In July, the base rate was 8.25 per cent, which was one of the highest of any central bank. This rate had been stable for four months, and NZD was an attractive forex currency due to the higher-than-average returns.
At the monthly meeting, the governors decided to reduce the rate to eight per cent. The forex market responded by interpreting this as a concern about inflation.
Traders began to sell the currency or withdraw funds, replacing NZD with lower-interest alternatives amid uncertainty.
The New Zealand currency fell by 83 points in less than ten minutes, with the NZD/USD rate dropping from 0.7497 to 0.7414; traders that sold one lot straight away made a net $833 profit.
However, the trend reversal corrected this drop quickly because NZD remained a higher interest currency than most others with an eight per cent base rate.
This example illustrates why it is important to review detailed central bank statements to try and gauge how the bank views potential rate changes and what it considers when making decisions.
Keeping An Eye On Interest Rates FAQ
Why do forex traders need to follow interest rates?
Interest rates impact the forex market in several ways. Some currencies are subject to interest, directly affecting the trading value and the costs of buying, selling or exchanging a currency pair.
Another factor is that when interest rates change, so too do exchange rates, which means traders need to consider this when selecting currencies or taking a position.
Who decides when interest rates go up or down?
Central banks are responsible for managing national economics, setting monetary policy and overseeing the financial system. They decide to increase or decrease inflation rates to control the value of their currency or address stagnant growth or inflation.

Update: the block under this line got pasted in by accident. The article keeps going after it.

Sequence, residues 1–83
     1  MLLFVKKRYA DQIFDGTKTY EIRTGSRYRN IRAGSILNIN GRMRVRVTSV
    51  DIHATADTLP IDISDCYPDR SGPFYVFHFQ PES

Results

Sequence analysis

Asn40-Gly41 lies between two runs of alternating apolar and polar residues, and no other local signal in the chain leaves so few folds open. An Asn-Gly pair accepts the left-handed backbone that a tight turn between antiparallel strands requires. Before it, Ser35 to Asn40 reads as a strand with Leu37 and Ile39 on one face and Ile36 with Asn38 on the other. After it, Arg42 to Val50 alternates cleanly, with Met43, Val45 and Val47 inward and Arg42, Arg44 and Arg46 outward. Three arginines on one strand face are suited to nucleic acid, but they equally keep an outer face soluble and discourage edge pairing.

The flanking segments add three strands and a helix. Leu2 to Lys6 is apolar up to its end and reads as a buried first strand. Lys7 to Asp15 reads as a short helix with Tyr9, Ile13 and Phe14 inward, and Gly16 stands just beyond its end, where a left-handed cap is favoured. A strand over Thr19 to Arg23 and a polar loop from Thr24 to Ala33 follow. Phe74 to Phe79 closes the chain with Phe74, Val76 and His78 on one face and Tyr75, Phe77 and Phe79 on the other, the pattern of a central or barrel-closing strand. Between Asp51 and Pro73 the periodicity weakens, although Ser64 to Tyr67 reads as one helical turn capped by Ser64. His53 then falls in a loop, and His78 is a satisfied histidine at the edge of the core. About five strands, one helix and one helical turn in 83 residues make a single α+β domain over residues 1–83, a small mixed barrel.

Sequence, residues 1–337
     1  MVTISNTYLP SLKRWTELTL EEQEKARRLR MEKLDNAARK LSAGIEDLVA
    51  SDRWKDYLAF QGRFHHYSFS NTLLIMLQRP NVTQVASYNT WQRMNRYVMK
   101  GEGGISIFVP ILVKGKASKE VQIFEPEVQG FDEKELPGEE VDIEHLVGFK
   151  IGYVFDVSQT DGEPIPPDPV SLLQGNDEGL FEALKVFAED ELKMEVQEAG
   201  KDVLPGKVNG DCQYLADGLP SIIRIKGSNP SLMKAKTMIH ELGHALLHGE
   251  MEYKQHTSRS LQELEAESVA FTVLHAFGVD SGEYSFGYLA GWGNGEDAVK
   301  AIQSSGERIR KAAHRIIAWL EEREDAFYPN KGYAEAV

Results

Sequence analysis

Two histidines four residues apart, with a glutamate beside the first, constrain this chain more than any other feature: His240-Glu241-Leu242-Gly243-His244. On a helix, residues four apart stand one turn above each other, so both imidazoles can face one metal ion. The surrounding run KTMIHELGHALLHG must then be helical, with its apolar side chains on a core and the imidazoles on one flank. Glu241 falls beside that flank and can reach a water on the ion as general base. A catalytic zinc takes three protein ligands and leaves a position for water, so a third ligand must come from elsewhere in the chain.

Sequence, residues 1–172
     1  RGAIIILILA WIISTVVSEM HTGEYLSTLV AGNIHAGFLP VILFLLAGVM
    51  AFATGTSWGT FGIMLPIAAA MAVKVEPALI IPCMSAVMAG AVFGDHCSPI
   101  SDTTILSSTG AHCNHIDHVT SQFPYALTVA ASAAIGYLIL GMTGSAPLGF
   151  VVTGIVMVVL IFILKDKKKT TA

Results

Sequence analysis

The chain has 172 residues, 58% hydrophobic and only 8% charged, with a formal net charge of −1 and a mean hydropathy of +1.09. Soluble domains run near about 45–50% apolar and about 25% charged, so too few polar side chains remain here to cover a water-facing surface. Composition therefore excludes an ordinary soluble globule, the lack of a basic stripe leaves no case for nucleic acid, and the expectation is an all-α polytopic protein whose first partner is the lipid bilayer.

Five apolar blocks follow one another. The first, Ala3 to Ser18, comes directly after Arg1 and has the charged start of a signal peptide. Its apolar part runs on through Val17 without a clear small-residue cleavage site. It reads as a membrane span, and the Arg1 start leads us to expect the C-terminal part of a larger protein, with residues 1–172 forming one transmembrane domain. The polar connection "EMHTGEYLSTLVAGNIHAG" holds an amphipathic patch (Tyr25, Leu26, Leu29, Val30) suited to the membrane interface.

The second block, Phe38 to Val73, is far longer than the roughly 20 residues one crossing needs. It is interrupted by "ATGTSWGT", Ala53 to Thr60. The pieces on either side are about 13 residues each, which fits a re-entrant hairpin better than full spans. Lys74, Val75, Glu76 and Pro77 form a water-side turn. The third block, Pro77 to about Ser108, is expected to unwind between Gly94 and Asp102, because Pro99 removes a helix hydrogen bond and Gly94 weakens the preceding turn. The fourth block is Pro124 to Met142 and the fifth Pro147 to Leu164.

Which banks set interest rates for the UK and USA?
The UK central bank is the Bank of England, and the Federal Reserve is its counterpart in the US. Both are influential central banks because GBP and USD are primary currencies used in forex and international markets – although USD is wider used and, therefore, can have a more dramatic effect on global economics.
Why have UK interest rates become so high?
Usually, central banks set higher base rates to control rising inflation. The Consumer Price Index reported a price rise of 9.4 per cent in June 2022.
This inflation level is the highest since 1982 and beyond the target inflation rate of two per cent, prompting the central bank to increase borrowing costs.
There are multiple reasons behind inflation, including shortages and price rises in fuel, electricity and gas, and increased food import prices partially due to the war in Ukraine.
How have interest rates changed in 2022?
In September 2022, the Bank of England announced a base rate increase from 1.75 per cent to 2.25 per cent, the seventh consecutive rise since December 2021.
The next announcement is scheduled for November 3, 2022, when the Monetary Policy Committee will review the latest inflation figures and decide whether to make any further changes.